# Example: Linear Gaussian State Space Model

In this example the goal is to estimate hidden states of a Linear Dynamical process where all hidden states are Gaussians. A simple multivariate Linear Gaussian State Space Model can be described with the following equations:

\[\begin{aligned} p(x_i|x_{i - 1}) & = \mathcal{N}(x_i|A * x_{i - 1}, \mathcal{P}),\\ p(y_i|x_i) & = \mathcal{N}(y_i|B * x_i, \mathcal{Q}), \end{aligned}\]

where $x_i$ are hidden states, $y_i$ are noisy observations, $A$, $B$ are state transition and observational matrices, $\mathcal{P}$ and $\mathcal{Q}$ are state transition noise and observation noise covariance matrices. For a more rigorous introduction to Linear Gaussian Dynamical systems we refer to Simo Sarkka, Bayesian Filtering and Smoothing book.

To model this process in `ReactiveMP`

, first, we start with importing all needed packages:

```
using Rocket, ReactiveMP, GraphPPL, Distributions
using BenchmarkTools, Random, LinearAlgebra, Plots
```

Next step, is to generate some synthetic data:

```
function generate_data(rng, A, B, Q, P)
x_prev = [ 10.0, -10.0 ]
x = Vector{Vector{Float64}}(undef, n)
y = Vector{Vector{Float64}}(undef, n)
for i in 1:n
x[i] = rand(rng, MvNormal(A * x_prev, Q))
y[i] = rand(rng, MvNormal(B * x[i], P))
x_prev = x[i]
end
return x, y
end
```

`generate_data (generic function with 1 method)`

```
# Seed for reproducibility
seed = 1234
rng = MersenneTwister(seed)
# We will model 2-dimensional observations with rotation matrix `A`
# To avoid clutter we also assume that matrices `A`, `B`, `P` and `Q`
# are known and fixed for all time-steps
θ = π / 35
A = [ cos(θ) -sin(θ); sin(θ) cos(θ) ]
B = diageye(2)
Q = diageye(2)
P = 25.0 .* diageye(2)
# Number of observations
n = 300
```

For large number of observations you will need yo use `limit_stack_depth = 100`

option during model creation, e.g. `model, (x, y) = create_model(..., options = (limit_stack_depth = 100, ))`

`x, y = generate_data(rng, A, B, Q, P)`

Lets plot our synthetic dataset. Lines represent our hidden states we want to estimate using noisy observations, which are represented as dots.

```
slicedim(dim) = (a) -> map(e -> e[dim], a)
px = plot()
px = plot!(px, x |> slicedim(1), label = "Hidden Signal (dim-1)", color = :orange)
px = scatter!(px, y |> slicedim(1), label = false, markersize = 2, color = :orange)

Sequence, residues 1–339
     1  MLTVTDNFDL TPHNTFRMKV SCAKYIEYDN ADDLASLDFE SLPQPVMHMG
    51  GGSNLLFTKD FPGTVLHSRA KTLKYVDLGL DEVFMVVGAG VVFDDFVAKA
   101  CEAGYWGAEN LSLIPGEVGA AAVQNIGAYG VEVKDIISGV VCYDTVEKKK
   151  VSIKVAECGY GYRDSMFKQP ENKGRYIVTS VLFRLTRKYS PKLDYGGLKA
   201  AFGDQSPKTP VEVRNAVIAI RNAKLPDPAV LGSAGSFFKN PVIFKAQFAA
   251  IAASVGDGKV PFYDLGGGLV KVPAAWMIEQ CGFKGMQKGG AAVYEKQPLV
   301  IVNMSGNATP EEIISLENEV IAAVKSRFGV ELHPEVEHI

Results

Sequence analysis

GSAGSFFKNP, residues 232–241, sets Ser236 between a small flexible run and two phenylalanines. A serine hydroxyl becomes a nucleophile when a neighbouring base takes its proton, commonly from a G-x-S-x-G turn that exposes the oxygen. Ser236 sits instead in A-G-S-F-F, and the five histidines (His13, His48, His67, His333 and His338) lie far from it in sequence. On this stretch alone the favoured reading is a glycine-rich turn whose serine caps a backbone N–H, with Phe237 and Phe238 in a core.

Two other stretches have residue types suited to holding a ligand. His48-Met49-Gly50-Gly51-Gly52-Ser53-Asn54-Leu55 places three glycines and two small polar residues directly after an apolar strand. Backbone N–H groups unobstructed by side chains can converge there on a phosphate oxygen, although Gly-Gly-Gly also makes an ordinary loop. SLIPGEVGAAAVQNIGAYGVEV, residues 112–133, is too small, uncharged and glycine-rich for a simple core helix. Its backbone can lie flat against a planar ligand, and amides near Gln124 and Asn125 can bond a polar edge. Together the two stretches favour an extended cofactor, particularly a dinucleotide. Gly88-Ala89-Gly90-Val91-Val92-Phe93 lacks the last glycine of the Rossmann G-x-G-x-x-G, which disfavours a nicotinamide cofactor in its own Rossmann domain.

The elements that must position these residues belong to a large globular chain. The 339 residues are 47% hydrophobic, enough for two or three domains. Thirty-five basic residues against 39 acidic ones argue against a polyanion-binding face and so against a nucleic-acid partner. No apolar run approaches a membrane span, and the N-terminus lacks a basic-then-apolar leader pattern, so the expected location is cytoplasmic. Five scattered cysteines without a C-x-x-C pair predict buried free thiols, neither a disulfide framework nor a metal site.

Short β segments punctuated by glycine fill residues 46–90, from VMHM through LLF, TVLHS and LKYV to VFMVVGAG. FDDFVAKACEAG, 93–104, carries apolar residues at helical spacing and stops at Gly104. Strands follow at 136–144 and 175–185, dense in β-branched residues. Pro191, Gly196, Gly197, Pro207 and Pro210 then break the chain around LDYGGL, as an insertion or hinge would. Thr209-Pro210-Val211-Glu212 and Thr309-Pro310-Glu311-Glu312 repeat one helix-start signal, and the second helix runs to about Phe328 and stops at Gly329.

px = plot!(px, x |> slicedim(2), label = "Hidden Signal (dim-2)", color = :green)
px = scatter!(px, y |> slicedim(2), label = false, markersize = 2, color = :green)
plot(px)
```

To create a model we use `GraphPPL`

package and `@model`

macro:

```
@model function rotate_ssm(n, x0, A, B, Q, P)
# We create constvar references for better efficiency
cA = constvar(A)
cB = constvar(B)
cQ = constvar(Q)
cP = constvar(P)
# `x` is a sequence of hidden states
x = randomvar(n)
# `y` is a sequence of "clamped" observations
y = datavar(Vector{Float64}, n)
x_prior ~ MvNormalMeanCovariance(mean(x0), cov(x0))
x_prev = x_prior
for i in 1:n
x[i] ~ MvNormalMeanCovariance(cA * x_prev, cQ)
y[i] ~ MvNormalMeanCovariance(cB * x[i], cP)
x_prev = x[i]
end
return x, y
end
```

`rotate_ssm (generic function with 1 method)`

Also for convenience we create an `inference`

function to infer hidden states of our system:

```
function inference(data, x0, A, B, Q, P)
# We create a model and get references for
# hidden states and observations
model, (x, y) = rotate_ssm(n, x0, A, B, Q, P);
xbuffer = buffer(Marginal, n)
bfe = nothing
# We subscribe on posterior marginals of `x`
xsubscription = subscribe!(getmarginals(x), xbuffer)
# We are also intereset in BetheFreeEnergy functional,
# which in this case is equal to minus log evidence
fsubcription = subscribe!(score(BetheFreeEnergy(), model), (v) -> bfe = v)
# `update!` updates our clamped datavars
update!(y, data)
# It is important to always unsubscribe
unsubscribe!((xsubscription, fsubcription))
return xbuffer, bfe
end
```

`inference (generic function with 1 method)`

To run inference we also specify prior for out first time-step:

`x0 = MvNormalMeanCovariance(zeros(2), 100.0 * diageye(2))`

`xmarginals, bfe = inference(y, x0, A, B, Q, P)`

```
px = plot()
px = plot!(px, x |> slicedim(1), label = "Hidden Signal (dim-1)", color = :orange)
px = plot!(px, x |> slicedim(2), label = "Hidden Signal (dim-2)", color = :green)
px = plot!(px, mean.(xmarginals) |> slicedim(1), ribbon = var.(xmarginals) |> slicedim(1) .|> sqrt, fillalpha = 0.5, label = "Estimated Signal (dim-1)", color = :teal)
px = plot!(px, mean.(xmarginals) |> slicedim(2), ribbon = var.(xmarginals) |> slicedim(2) .|> sqrt, fillalpha = 0.5, label = "Estimated Signal (dim-1)", color = :violet)
plot(px)
```

As we can see from our plot, estimated signal resembles closely to the real hidden states with small variance. We maybe also interested in the value for minus log evidence:

`bfe`

`1882.2434870086163`

We may be also interested in performance of our resulting Belief Propagation algorithm:

`@benchmark inference($y, $x0, $A, $B, $Q, $P)`

```
BenchmarkTools.Trial: 68 samples with 1 evaluation.
Range (min … max): 54.973 ms … 129.418 ms ┊ GC (min … max): 0.00% … 40.45%
Time (median): 68.869 ms ┊ GC (median): 0.00%
Time (mean ± σ): 73.842 ms ± 18.708 ms ┊ GC (mean ± σ): 11.30% ± 14.59%
▂▄▂▂ █ ▂
█████▆▆█▄▄█████▆▁▄▁▁▁▁▁▁▁▁▁▄▄▁▆▄▁▁▄▁▆▄▁▁▆▁▁▄▁▄▁▁▁▁▁▁▁▄▁▁▁▁▁▄ ▁
55 ms Histogram: frequency by time 129 ms <
Memory estimate: 24.30 MiB, allocs estimate: 445754.
```